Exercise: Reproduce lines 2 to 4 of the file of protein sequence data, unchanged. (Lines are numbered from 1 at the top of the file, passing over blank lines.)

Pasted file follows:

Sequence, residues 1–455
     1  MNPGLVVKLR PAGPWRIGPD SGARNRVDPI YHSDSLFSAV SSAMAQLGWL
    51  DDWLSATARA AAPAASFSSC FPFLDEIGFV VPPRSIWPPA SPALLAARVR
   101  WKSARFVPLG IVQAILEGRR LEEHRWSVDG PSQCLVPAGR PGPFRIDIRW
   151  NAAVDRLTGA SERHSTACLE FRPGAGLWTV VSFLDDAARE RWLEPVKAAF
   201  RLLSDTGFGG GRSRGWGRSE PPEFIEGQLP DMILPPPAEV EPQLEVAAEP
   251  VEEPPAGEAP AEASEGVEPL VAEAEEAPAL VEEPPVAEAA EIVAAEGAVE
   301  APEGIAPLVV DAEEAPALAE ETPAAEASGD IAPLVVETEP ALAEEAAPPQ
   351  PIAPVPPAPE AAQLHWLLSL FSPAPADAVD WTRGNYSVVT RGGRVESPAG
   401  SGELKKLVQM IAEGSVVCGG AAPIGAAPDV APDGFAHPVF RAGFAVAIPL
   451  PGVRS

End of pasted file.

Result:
     1  MNPGLVVKLR PAGPWRIGPD SGARNRVDPI YHSDSLFSAV SSAMAQLGWL
    51  DDWLSATARA AAPAASFSSC FPFLDEIGFV VPPRSIWPPA SPALLAARVR
   101  WKSARFVPLG IVQAILEGRR LEEHRWSVDG PSQCLVPAGR PGPFRIDIRW